Bo Yibo

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Bo Yibo
Bo Yibo, aged 38, c. 1946
Vice Chairman of the Central Advisory Commission
In office
Serving with Xu Shiyou, Tan Zhenlin, Li Weihan, Song Renqiong
Leader Deng Xiaoping
Chen Yun
Vice Premier of the PRC
In office
Premier Zhou Enlai
In office
Premier Hua Guofeng
Zhao Ziyang
Minister of Fiance of the PRC
In office
Succeeded by Deng Xiaoping
Personal details
Born 17 February 1908(1908-02-17)
Dingxiang, Xinzhou, Shanxi, Qing Empire
Died 15 January 2007(2007-01-15) (aged 98)
Beijing, People's Republic of China
Relations Bo Xiyin (eldest daughter)
Bo Jieyin (second daughter)
Bo Xiyong (eldest son)
Bo Xilai (second son)
Bo Xiaoyin (third daughter)
Bo Xicheng (third son)
Bo Xilin (fourth son)

Bo Guagua (grandson)
Alma mater Central Party School of the Communist Party of China
Bo Yibo
Chinese 薄一波

Bo Yibo (17 February 1908 – 15 January 2007) was a Chinese politician and one of the Eight Elders of the Communist Party of China. He was one of the most powerful hard-liners along with Li Xiannian, Wang Zhen and Chen Yun.

He was alternate member and then member of the Politburo, deputy prime minister, chairman of State Economic Commission and vice-chairman of Central Advisory Commission of the Communist Party of China. Bo was one of the revolutionary veterans purged by the Mao Zedong-backed Gang of Four who returned to power after Mao's death.

Bo Yibo was born in Taiyuan, Shanxi, in 1908. He joined the CPC in 1925, at the age of 17. He first surfaces in 1925 as CPC secretary of the party branch at Shanxi Civic Teachers’ College, and later deputy secretary and secretary of the party committee in Northern Taiyuan.[1] In 1927, Bo became CPC secretary-general of the Northern Bureau of the Central Military Commission.[2] A year later, he was secretary for military affairs of the Tianjin CPC Committee and chief of the military committee for North China.[3] He was captured by Chiang Kai-shek’s Kuomintang police in 1931 and, under orders from the CPC, signed an anti-communist confession. After his release, he returned to Shanxi where he became secretary of the provincial party working group[4] in 1936 and was instrumental in recuriting warlord Yan Xishan to the communist cause. Bo joined the final stages of the Long March.[5]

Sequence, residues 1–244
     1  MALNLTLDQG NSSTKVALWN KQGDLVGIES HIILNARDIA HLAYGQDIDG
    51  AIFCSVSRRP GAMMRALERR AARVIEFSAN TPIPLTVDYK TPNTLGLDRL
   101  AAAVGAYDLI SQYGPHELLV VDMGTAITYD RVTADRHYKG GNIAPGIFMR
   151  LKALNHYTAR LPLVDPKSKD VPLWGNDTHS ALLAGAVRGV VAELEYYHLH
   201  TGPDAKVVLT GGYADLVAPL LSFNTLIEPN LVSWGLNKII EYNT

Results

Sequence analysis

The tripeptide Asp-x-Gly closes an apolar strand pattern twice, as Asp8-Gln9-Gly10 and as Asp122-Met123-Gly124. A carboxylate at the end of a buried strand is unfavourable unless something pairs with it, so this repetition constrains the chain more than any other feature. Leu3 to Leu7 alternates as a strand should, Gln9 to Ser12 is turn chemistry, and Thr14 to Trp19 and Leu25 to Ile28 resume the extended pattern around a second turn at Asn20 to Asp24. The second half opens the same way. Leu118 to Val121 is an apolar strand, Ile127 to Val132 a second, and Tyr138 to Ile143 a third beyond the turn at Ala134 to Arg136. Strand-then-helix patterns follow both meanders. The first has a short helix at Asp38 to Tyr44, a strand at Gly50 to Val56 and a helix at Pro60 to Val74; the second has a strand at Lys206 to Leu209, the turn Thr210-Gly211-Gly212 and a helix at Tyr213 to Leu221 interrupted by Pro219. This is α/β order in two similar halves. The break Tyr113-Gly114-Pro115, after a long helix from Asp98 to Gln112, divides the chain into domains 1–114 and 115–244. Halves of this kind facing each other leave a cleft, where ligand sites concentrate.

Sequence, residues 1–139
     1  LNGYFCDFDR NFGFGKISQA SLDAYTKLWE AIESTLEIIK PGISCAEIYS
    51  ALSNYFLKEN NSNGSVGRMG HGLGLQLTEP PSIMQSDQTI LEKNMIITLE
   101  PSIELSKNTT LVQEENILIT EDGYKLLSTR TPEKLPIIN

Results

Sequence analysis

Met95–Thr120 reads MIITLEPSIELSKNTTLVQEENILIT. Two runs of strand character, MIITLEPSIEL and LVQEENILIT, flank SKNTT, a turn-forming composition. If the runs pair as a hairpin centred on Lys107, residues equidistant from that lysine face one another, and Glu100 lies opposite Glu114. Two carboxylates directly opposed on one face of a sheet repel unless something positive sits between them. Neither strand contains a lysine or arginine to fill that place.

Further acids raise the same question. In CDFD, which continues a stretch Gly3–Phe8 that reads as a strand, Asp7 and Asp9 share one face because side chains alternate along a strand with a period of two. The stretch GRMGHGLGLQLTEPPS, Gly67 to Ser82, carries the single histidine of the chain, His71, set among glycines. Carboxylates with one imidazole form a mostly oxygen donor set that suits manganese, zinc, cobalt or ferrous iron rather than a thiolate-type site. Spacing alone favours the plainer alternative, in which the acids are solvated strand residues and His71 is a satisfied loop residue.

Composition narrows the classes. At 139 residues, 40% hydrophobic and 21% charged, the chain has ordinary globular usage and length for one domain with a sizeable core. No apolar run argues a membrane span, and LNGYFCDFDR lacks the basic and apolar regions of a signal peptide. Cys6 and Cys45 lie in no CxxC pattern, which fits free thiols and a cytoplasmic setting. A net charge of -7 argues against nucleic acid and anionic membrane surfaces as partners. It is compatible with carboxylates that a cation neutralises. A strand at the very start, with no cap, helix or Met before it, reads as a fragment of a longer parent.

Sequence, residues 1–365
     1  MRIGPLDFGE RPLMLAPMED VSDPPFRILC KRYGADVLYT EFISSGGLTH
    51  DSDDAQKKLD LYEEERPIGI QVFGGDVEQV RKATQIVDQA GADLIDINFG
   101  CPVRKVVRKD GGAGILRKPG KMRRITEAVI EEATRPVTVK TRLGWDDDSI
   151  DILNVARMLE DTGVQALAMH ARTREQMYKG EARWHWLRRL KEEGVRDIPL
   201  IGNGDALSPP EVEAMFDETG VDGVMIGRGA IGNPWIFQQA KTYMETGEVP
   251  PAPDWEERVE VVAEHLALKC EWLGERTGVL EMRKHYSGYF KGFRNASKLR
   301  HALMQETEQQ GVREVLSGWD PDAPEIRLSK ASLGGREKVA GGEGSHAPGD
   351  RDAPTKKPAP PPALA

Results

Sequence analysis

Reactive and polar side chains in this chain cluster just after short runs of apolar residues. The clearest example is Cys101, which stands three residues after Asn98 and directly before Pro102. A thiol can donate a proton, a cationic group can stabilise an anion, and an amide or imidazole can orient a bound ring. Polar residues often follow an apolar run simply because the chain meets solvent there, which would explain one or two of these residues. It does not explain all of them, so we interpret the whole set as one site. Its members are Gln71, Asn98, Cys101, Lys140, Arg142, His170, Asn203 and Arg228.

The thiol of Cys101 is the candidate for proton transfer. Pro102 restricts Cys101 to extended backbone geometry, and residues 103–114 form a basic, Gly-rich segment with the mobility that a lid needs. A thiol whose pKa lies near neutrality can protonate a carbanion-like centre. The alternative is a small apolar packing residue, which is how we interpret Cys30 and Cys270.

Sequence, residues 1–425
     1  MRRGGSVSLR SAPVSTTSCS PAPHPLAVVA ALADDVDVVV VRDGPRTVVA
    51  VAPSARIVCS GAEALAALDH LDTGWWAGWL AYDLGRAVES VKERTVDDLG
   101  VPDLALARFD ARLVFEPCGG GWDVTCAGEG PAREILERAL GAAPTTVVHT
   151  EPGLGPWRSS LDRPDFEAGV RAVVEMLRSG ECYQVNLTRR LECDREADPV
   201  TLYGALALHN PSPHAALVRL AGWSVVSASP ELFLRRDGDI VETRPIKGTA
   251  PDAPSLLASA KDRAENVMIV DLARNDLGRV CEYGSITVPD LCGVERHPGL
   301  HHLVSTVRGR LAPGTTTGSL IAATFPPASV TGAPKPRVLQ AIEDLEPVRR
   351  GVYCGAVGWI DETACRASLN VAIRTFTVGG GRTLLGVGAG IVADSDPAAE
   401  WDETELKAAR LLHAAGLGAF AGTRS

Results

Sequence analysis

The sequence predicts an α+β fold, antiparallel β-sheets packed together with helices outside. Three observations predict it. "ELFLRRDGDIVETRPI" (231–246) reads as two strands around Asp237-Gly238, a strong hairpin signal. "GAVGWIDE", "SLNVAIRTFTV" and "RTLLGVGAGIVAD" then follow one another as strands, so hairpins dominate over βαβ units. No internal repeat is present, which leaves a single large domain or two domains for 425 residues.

Bo was one of a select group of powerful veterans centred around late paramount leader Deng Xiaoping who were informally known as the Eight Immortals for the vast influence they commanded until gradually succumbing to old age and death mostly in the 1990s. By some reckonings Bo was the last immortal to – in Deng’s phrase – “go to meet Marx”, but he is survived by 93-year-old Wan Li, another former vice-premier widely considered to have been one of the eight.[6]

Pre-1949 Career

During the Yan'an era, Bo was Executive Vice Chair of the Shanxi border region and Vice Chair of its CPC committee. His career from the late 1930s into the 1950s was closely aligned with that of Liu Shaoqi. In 1947, Bo’s Jin-Yi-Lu-Yu Bureau was merged with General (later Marshal) Nie Rongzhen’s Jin-Cha-Ji Bureau into the new CCP North China Bureau. General Nie ran military affairs, and although Liu Shaoqi was nominally in charge of the party and government, his duties elsewhere gave daily control to Bo.

This North China organization eventually evolved into the core of the national government established 1 October 1949. Among the North Bureau’s key players were Peng Zhen, An Ziwen, Lu Dingyi, Liu Lantao, Liao Luyan and Yang Xianzhen.[7]

Post-1949 Career

In the first years after 1949, Bo was Minister of Finance, a position he lost in December 1953 to his political ally of the time, Deng Xiaoping. His ouster was as much the result of a factional dispute with Gao Gang and Rao Shushi as it was about fiscal policies deemed insufficiently pro-state.

Later in the 1950s, he was among the veteran planners resisting Mao Zedong’s economic policies. Others in opposition to the Great Leap Forward and similar extreme economic measures included Chen Yun, Li Xiannian, Li Fuchun and Yao Yilin. Despite this, Bo served as Vice Chair (1952–1956) and later Chair (1956–1959) of the State Planning Commission, where he presided over the economic policies of the Great Leap Forward.[citation needed]

Bo Yibo was a member of the CPC Politburo from the 8th National Party Congress in 1956 to the beginning of the Cultural Revolution, and again in the early Deng Xiaoping era, from 1979 until the 12th National Party Congress in 1982, when most of the elders retired.